David Laurila interview with Don Buford

FelixMantilla

reincarnated mr hate
SoSH Member
Jan 30, 2001
11,528
Foxboro, MA
Great stuff IMO.


Laurila: Getting on base was one of your strengths. One of your managers in Chicago had been known for that in his playing days. What do you remember about playing for Eddie Stanky?

Buford: “Starting out, he said that if I could steal 20 bases he’d buy me a pair of alligator shoes. I told him, ‘I’ll steal 20 bases before halfway through the season.’ True enough, I did that. I said to him, ‘Hey, I’ll steal you another 20, but you’ll have to buy me a suit.’ He said, ‘Yeah, I’ll buy you a suit if you steal another 20.’ I ended up with 51 on the season, so I got alligator shoes and a suit from Eddie Stanky.”
 

pedro1918

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Mar 5, 2004
4,218
Map Ref. 41°N 93°W
When I worked for the Frederick Keys, Buford was a minor league instructor for the Orioles so he was at many of our games. The year Damon Burford was with the Sox I spoke with Don frequently. I would tell Don if Damon got any hits that night and he would always ask me about Trot Nixon, who he felt was way overrated and was blocking Damon from playing time on reputation alone. He really didn't care for Trot!

Don was always cool with me. Nice guy.
 

Buck Showalter

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Feb 26, 2002
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704 Houser Street Queens, NY
In early January of '86, my uncle took my cousin and (15 year old) me to the playoff game between the Patriots and the Raiders at the LA Coliseum. This was the playoff run of the Pats' first Super Bowl appearance (got smoked 46-10 against the Bears).

We stayed at the Hilton - right down the street from the Coliseum and close to the USC Campus.

While walking / driving around, we saw the USC baseball team practicing. Although we were there for an NFL Game - the baseball junkie in each of us just had to get out to watch baseball being played merely a few days after the ball dropped at Times Square in Spring-like weather.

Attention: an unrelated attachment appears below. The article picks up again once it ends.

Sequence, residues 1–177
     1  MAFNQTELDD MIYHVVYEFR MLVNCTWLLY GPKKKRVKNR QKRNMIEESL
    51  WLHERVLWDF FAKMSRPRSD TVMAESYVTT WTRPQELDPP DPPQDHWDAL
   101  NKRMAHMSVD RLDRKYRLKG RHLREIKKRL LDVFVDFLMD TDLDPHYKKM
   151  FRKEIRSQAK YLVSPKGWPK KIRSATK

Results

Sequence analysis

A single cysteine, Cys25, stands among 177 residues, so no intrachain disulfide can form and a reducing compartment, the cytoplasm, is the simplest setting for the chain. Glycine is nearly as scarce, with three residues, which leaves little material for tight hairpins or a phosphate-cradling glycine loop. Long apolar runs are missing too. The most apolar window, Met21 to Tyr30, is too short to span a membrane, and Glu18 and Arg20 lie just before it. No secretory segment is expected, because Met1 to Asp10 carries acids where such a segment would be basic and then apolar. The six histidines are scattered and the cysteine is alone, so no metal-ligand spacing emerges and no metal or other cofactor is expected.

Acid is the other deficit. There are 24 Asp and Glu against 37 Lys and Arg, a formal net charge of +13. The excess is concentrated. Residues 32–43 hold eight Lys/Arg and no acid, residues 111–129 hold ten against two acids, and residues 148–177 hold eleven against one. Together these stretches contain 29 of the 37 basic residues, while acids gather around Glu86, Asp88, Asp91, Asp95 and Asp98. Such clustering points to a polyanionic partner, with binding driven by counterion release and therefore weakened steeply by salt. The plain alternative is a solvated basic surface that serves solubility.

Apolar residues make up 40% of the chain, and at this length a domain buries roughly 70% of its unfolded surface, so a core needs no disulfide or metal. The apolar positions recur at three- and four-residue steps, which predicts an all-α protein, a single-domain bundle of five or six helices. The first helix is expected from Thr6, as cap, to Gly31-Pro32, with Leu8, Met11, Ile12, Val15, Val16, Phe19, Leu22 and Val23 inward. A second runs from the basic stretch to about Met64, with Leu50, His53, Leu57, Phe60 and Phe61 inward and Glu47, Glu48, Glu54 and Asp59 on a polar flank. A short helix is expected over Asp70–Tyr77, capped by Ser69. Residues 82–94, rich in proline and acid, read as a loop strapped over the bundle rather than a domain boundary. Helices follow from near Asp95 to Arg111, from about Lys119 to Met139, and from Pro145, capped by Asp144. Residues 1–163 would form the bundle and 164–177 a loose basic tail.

While sitting right near the batters box of USC's field...an African-American man - obviously a coach via his attire and stern voice that shouted soft-directives at the young roster working out in front of us - came over and randomly exchanged pleasantries, asked who we were, and where we were from ("Red Sox fans?" was a follow-up question).

After 60-90 seconds of pleasant chatter - my uncle (a baseball junkie like any one of us on this board) recognized him with a fairly decent degree of confidence and asked "are you Don Buford?" (remember kids...smart phones weren't in your hands these days...and you couldn't look up the roster and coaches on-demand with the help of the nearest cell-tower). "I am", was the reply...and for the next hour...he and my uncle talked about the great Orioles Teams that he played for and what he was doing post-retirement.

He was a perfect gentleman...talked about how he loved what he was doing...and how much he loved the USC Program (having played there under the leadership of the great Rod Dedeaux). I don't know how many of them exist, but I'm guessing that Buford is one of a small number of individuals that has been a part of both an NCAA Champion Baseball Team and a World Series Champion.

In any case, seemed like a great guy...who has contributed much to the game via himself and his offspring.

Thanks for the article.
 
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Patek's 3 Dingers

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Silver Supporter
Jul 5, 2018
430
Don Buford about living in Lincoln, NE:

"They weren’t renting apartments to African Americans. I ended up staying with a family. The lady’s name was Miss Botts. She was the representative of Aunt Jemima Pancakes. She had a basement apartment and I stayed in her home."

That's quite the coincidence.